During his lectures he draws parallels between his role as a conductor and the leader’s role in business. One concept he describes is the idea of getting an A grade.

Benjamin tutors hundreds of students who travel from around the world to pursue their musical studies in America. They are often financially supported by families who have saved to provide the necessary funding.

Naturally enough, the students feel nervous on their first day in college. Anxious not to disappoint their parents, they are worried about passing their final exams. Benjamin greets the assembled students by saying something like the following.

You Have An A Grade 

Let me put your minds at rest. You already have an A grade. But this is dependent on several things.

First, write me a letter dated May next year – the end of your time in college – titled Achieving An A Grade.

Imagine you are writing the letter after completing the course. Start with the words:

‘The reasons why I may deserve be considered to have achieved an A Grade during the academic year is because I have done the following things …’

Second, you and I will meet to discuss your proposed achievements and whether these deserve an A. If not, we will agree on what you want to you need to do to achieve another grade.

Third, it is then up to you to do the things required to reach the agreed grade.

This approach can help people to focus on what they can do to become the best they can be.

The Becoming The Best You Are
Capable Of Becoming Approach

John Wooden, the legendary American College basketball coach, encouraged his players to develop as human beings. He never mentioned winning but his teams won more titles than any other in College basketball history.

During his early career he began developing what later became known as his famous Pyramid of Success. This consisted of guiding principles that athletes could follow both on and off the court.

The base of the pyramid consisted of phrases such as: Industriousness; Friendship: Loyalty; Cooperation; Enthusiasm. Behind each of these words was an explanation.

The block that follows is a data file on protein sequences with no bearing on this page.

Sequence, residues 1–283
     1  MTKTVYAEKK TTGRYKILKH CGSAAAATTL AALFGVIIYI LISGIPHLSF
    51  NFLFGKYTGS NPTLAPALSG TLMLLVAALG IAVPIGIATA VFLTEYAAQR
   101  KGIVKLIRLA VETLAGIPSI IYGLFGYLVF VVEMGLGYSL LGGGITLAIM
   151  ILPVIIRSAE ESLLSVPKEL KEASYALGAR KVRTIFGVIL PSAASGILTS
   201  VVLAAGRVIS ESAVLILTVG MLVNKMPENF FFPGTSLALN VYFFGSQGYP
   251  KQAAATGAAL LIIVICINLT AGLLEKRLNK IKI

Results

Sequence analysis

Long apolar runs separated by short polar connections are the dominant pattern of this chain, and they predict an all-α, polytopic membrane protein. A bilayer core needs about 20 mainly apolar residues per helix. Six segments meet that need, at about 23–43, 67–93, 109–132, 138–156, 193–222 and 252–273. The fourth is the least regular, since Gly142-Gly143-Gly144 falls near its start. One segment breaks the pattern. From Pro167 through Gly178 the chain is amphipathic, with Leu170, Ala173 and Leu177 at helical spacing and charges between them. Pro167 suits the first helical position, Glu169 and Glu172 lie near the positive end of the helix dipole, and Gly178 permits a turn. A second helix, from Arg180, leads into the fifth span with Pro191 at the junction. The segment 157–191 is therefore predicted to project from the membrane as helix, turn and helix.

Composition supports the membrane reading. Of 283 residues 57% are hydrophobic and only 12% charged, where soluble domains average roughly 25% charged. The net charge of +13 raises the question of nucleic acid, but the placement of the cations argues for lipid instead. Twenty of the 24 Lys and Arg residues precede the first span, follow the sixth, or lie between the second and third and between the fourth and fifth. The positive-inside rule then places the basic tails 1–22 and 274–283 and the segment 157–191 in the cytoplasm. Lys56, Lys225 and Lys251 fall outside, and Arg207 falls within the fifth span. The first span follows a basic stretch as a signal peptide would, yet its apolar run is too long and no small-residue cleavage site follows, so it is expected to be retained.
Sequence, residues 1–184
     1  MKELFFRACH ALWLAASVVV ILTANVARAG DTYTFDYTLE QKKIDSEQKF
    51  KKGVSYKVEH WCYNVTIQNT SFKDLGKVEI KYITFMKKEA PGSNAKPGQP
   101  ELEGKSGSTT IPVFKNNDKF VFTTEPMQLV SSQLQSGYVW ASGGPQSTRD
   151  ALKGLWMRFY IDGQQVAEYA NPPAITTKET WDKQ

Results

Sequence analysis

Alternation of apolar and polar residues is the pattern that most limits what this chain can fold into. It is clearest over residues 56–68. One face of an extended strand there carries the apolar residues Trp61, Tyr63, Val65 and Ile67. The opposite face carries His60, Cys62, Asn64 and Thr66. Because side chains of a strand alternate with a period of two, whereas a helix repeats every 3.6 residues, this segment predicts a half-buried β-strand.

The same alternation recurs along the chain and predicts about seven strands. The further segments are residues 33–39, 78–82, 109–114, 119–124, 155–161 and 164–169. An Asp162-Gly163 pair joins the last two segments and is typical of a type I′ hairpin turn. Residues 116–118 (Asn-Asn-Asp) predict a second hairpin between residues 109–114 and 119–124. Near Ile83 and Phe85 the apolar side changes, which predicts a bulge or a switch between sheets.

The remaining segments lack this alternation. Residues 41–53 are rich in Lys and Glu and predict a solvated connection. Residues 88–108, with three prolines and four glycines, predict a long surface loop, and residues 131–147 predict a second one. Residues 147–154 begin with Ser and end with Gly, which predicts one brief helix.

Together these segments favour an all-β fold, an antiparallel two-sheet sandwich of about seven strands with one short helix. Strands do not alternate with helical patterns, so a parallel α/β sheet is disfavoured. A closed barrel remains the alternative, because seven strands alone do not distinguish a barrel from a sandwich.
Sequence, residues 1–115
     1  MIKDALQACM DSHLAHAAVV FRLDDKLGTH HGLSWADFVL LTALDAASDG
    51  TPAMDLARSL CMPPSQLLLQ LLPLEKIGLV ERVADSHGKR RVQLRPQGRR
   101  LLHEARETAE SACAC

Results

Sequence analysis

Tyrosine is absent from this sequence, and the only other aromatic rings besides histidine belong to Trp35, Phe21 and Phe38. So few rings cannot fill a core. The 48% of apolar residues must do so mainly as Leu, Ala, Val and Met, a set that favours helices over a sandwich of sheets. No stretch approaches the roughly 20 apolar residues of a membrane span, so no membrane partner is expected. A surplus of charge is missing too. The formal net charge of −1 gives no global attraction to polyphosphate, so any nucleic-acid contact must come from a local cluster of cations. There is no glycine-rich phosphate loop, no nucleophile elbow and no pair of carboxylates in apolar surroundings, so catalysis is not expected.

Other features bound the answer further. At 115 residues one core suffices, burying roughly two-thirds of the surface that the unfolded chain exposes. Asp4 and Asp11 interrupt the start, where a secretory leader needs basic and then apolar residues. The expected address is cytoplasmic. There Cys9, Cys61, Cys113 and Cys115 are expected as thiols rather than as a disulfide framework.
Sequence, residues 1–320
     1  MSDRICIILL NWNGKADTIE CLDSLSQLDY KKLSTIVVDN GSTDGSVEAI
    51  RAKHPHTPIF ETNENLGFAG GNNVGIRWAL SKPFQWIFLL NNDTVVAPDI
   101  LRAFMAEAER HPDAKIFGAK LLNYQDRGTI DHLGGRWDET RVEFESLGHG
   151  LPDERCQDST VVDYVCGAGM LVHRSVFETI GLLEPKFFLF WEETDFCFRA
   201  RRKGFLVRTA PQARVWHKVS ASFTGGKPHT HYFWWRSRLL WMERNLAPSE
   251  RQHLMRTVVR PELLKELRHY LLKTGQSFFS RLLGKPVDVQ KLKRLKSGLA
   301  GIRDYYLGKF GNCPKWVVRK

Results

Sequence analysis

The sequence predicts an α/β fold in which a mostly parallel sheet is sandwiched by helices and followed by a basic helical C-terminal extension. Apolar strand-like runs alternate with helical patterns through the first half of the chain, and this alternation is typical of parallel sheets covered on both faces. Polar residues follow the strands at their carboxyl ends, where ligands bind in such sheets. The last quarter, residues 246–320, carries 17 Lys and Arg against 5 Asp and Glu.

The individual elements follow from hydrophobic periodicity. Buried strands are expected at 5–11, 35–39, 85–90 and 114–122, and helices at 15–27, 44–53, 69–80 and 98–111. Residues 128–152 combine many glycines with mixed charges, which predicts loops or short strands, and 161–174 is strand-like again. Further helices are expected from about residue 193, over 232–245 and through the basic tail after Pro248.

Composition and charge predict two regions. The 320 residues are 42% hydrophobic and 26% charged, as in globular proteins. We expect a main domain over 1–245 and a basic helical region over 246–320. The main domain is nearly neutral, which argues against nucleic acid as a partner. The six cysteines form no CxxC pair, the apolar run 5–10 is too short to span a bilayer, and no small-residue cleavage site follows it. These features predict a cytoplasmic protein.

The word Industriousness, for example, was explained in detail. This included the phrases:

In plain language, I mean you have to work – and work hard. There is no substitute for hard work. None. Worthwhile things come only from real work.

There were several levels to the Pyramid of Success. It culminated in the principle of Competitive Greatness. This was explained as:

Perform at your best when your best is required. Your best is required each day.

John Wooden built teams that aimed to live these values. He reinforced the Pyramid of Success by using certain maxims to remind people of their responsibilities. These included:

Be true to yourself … Help others … Make each day your masterpiece … There is a no substitute for hard work and careful planning … Be more interested in character than reputation.

The litmus test was that the approach worked. His teams left a legacy of winning titles, even though he did not talk about winning. Many of his former players describe how this helped them to do their best in life.

As mentioned earlier, there are many different philosophies regarding how people can grow. One approach is for them to aim to become the best they can be.

Let’s return to your own life and work. Looking ahead, can you think of a specific activity where you may want to follow elements of this approach? How can you do this in your own way?

If you wish, try tackling the exercise on this theme. This invites you to complete the following sentences.